Contractor Q&A: Retaining Quality Employees

Words: MASONRY Magazine
Photo: Tashi-Delek

Editor’s Note: As you know, we try to provide real-life experiences on hot topics from contractors in the field. This month we sat down with Joe Bonifate and Kent Bounds to get their take and experiences on employee retention.  

The masonry industry is often considered to have a transient workforce, and the biggest question that comes to mind is: how do we retain our employees? In an attempt to focus our efforts on the declining workforce issue, we set out to speak directly with contractors who wrestle with the challenge of employee retention on a daily basis. Take a look through their experiences and see what you can do to maintain and potentially increase your employee count. We would also like to thank everyone who participated in this Q&A- we know you all have demanding schedules, and sincerely appreciate your input. 

How many employees do you keep on during the year?  

Kent Bounds, President of Brazos Masonry: 300.  

Joe Bonifate, President of Operations of Arch Masonry & Restoration: Roughly 80 on average. 

How do you retain or keep those employees in your company?  

Kent Bounds: We have crew appreciation lunches where we cook or cater lunches for our different crews twice a month.  We pass out Brazos swag (Hats, shirts, mugs, etc.…), have an annual companywide picnic, and pass out BMI construction hi-visible coats to employees who been with us for 5 years. We also present the coat in the presence of the entire crew. We have two foremen’s meeting each year, which involves the office staff too. We have two safety stand-downs each year that involve the office staff too, and we are also starting a bonus system for all field employees based off the number of years they have been with us.  

Joe Bonifate: We have competitive wages, benefits, and steady work. We incentivize with quarterly safety bonuses, and we also put 5% of their base earnings into a profit-share (retirement) plan.  

How do you recruit employees? 

Kent Bounds: We’ve been going to high schools. Our crews have also used some of their younger employees to help recruit new employees as well. We really support the apprentices, and that really helps when recruiting laborers.  

Joe Bonifate: We primarily use a third-party recruiter; all of our field workers go through a temp agency for the first ninety days. We also have general branding and Facebook videos, and have an average compensation sheet on our website careers page.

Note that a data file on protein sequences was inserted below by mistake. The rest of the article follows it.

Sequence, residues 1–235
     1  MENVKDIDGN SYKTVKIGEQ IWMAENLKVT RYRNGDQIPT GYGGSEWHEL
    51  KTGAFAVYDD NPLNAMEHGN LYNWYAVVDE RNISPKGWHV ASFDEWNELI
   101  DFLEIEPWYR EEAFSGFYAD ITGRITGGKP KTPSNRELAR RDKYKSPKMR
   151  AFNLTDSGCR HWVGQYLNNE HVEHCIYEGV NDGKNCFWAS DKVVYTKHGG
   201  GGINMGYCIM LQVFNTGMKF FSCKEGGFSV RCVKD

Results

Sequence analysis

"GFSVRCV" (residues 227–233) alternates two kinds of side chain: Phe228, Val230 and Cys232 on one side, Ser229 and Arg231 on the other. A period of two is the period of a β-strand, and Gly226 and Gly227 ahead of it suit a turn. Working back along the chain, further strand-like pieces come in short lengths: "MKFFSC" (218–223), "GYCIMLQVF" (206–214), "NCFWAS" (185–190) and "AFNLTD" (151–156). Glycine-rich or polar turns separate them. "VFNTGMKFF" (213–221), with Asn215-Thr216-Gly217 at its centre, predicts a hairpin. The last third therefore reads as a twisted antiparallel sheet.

How do you retain younger employees? 

Kent Bounds: We market apprenticeships, letting them know if they want to improve their life, they have the opportunity to be more within BMI.  We really market promoting from within.   

Joe Bonifate: We offer paid time off for perfect attendance and pay 100% of employee healthcare. Also, we have an apprentice program and outline in writing a path or career progression. 

Is there an incentive program in place for those employees? 

Kent Bounds: We are starting a bonus system for all field employees based off the number of years they have been with us. We also incentivize our superintendents to develop lead foremen and future superintendents.   

Joe Bonifate: Same as all employees. 

How do you deal with problematic employees? 

Kent Bounds: We let them go.  Since we hold safety in the highest regards, we cannot tolerate problematic employees.  If they create too many issues, they go on our Do Not Hire list.   

Joe Bonifate: Document incidents, notify when improvement is needed. 

How do you make your employees feel valued? 

Kent Bounds: When we make visit to jobs, the ownership attends.  We personally go to each employee and thank them for their hard work.  We will do cookouts for them and pass out hats, shirts, and tumblers.  Afterwards, we gather the whole crew and simply talk to them and hear what they have to say.  It is good for us, and great for them to know we care.   

Joe Bonifate: We just started this. We had HR (who happens to be an owner’s wife, Mindy) visit every jobsite and speak individually with each employee when passing out the last quarterly bonus. She went over the annual review, gave them a short survey to complete, and showed them their total earnings to date including the value of the healthcare, retirement, life insurance, and everything on their paystub and beyond. 

How do you deal with company hopping? 

Kent Bounds: There isn’t much we can do. We don’t like to hire them back, but when you need people, it is difficult not to do so.  We currently do not have a company policy regarding people company hopping.   

Joe Bonifate: We have a hard rule not to allow anyone to come back after they leave us for a competitor. We have held this since we started the company in 2009. This past April, we did have our first ever “month of mercy” as I called it. During that month we let any previous employee apply to come back. That was a rare occurrence, and despite request I do not think it will become an annual event.